Do you tend to forget the small, mundane things in your everyday life?
You may have gotten into slight troubles for your forgetfulness, but now is the time for you to be proud of it. And if you do feel like you actually don’t need to remember everything, your brain agrees with you.
Storing mental information has long been perceived as an intelligence trait in an individual. However, researchers from the University of Toronto claims that to forget is just as important as to recall.
This paper published in Neuron focuses on several studies that analysed the neurobiology behind memory recall and memory lost.
Professor Blake Richards, who wrote the review study, explains that the real purpose of memory is for a better, more optimized decision-making process.
The brain filters out irrelevant details and will instead hold on to things that will contribute to the making of intelligent decisions involving real life problems.
The label ‘bad memory’ is a mechanism in the brain which serves to make space for relevant information only. It avoids space and energy wastage in the brain caused by storing mundane and trivial information.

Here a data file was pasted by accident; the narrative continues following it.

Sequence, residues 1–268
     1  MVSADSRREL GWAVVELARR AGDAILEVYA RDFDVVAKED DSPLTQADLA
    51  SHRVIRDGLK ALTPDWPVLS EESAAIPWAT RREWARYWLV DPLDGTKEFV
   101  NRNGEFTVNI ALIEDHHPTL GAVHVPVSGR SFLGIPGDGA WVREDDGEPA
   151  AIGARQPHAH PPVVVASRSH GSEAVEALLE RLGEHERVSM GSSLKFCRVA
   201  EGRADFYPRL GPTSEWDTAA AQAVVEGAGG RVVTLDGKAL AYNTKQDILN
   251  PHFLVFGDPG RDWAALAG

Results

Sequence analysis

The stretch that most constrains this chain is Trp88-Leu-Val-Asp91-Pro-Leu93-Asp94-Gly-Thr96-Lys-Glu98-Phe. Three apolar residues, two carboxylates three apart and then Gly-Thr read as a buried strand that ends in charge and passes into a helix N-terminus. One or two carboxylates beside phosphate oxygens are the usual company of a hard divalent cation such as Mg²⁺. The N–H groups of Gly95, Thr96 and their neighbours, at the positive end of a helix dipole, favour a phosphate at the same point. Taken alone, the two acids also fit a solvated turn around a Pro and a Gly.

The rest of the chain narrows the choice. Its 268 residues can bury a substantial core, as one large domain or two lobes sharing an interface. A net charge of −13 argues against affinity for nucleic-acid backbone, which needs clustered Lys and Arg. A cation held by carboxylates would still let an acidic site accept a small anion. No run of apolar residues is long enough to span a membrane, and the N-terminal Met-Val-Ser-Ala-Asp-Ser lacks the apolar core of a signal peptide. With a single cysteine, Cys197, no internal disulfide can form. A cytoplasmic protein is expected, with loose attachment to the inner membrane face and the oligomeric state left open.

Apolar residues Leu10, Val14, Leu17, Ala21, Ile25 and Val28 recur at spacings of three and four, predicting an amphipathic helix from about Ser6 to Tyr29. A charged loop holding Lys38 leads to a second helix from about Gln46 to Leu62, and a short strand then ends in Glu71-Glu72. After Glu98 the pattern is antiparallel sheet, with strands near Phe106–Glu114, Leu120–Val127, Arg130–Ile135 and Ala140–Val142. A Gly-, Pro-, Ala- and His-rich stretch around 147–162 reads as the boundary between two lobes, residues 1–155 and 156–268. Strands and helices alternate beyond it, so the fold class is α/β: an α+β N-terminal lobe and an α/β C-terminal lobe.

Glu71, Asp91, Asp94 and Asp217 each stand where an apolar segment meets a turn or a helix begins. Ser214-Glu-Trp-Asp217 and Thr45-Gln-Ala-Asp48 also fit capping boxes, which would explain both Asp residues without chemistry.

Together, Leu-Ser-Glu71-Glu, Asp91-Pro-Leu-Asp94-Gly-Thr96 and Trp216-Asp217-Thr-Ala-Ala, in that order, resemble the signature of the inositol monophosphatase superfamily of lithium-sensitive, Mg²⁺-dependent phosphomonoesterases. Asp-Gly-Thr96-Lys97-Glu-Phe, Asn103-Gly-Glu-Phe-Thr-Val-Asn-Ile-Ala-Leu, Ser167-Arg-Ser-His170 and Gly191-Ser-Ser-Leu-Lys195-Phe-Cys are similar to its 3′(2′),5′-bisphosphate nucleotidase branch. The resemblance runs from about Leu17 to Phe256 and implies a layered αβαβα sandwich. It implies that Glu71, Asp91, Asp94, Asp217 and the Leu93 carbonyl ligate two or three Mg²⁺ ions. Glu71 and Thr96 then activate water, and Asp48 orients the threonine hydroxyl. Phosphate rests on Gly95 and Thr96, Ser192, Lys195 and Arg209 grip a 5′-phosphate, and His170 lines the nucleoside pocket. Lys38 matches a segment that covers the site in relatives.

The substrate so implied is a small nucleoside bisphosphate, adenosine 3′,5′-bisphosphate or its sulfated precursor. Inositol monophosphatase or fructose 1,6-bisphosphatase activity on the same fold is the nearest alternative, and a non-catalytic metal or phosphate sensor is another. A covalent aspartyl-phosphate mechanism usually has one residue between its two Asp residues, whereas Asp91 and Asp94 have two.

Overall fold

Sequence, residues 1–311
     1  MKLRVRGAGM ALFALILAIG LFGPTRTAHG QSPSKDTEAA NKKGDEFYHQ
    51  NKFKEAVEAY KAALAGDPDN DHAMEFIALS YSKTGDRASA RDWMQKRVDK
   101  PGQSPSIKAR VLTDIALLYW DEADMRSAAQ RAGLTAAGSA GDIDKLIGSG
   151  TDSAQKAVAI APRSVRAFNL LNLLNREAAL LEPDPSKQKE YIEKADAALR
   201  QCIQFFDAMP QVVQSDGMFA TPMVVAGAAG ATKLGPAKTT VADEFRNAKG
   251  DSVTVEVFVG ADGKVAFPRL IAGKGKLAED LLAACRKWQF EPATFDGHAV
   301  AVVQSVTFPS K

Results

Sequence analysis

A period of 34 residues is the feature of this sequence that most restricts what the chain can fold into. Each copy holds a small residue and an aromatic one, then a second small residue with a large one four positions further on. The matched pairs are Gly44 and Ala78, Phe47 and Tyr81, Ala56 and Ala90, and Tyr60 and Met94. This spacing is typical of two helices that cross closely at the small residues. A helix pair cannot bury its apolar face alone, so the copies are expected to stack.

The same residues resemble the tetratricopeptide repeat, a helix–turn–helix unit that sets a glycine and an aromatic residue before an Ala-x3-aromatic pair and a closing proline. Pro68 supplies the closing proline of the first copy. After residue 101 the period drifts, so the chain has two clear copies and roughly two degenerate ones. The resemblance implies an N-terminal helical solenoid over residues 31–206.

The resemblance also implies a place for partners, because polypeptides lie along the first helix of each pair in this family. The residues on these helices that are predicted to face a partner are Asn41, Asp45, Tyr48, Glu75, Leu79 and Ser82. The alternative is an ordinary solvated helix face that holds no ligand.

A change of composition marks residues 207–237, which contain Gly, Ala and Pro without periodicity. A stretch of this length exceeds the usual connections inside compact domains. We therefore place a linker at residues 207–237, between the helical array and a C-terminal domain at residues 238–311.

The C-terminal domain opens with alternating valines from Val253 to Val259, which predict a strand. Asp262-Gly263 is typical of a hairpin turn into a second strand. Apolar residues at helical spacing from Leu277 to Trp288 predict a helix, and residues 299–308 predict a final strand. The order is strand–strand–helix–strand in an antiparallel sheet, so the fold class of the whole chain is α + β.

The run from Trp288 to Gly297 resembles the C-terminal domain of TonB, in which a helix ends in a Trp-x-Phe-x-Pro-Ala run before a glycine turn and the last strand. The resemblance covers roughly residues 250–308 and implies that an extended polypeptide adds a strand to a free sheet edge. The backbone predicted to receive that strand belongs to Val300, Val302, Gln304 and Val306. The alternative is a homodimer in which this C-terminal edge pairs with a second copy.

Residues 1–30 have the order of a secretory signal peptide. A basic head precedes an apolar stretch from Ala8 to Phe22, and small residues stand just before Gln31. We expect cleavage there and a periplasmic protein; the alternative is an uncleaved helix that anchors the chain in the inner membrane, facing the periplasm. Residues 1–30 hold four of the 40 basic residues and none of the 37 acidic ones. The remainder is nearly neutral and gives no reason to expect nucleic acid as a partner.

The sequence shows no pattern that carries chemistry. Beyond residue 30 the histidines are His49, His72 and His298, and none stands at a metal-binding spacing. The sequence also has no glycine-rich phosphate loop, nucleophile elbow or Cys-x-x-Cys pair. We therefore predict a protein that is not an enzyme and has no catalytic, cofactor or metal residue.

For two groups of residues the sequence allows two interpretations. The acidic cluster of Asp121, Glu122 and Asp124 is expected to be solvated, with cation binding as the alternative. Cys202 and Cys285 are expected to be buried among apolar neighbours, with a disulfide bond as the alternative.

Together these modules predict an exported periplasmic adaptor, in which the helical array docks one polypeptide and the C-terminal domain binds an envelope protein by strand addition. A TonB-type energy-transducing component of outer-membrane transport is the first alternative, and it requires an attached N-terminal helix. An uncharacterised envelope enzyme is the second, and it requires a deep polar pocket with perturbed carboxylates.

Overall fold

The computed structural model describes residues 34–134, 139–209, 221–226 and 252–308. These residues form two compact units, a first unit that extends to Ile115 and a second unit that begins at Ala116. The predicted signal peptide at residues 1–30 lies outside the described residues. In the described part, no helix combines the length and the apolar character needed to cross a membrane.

Professor Blake Richards also explains that information which are easily accessible such as phone numbers or emails, will likely not be stored in the brain.
The brain is mainly focused on storing general summaries or simplified versions of data which serves in the making of better decisions.
This means that you cannot learn something ‘by heart’, simply because your brain will refuse to do it. This is a task that is impossible for forgetful people.
If you embrace this, the more efficient your brain can work in storing the most relevant information. Thus, you will have a keener perception of reality.
He also suggests that we do a memory ‘clean-up’ such as physical exercise regularly. “We know that exercise increases the number of neurons in the hippocampus,” Professor Blake Richards explain.
The increase of neurons in the hippocampus will erase some memories, but don’t worry–your brain will know what you need and don’t need to remember.
Not only will your brain free up space for new information, but it will also reclassify existing information for a smoother decision-making process.
So, how many geniuses out there that will forget this article after they read it?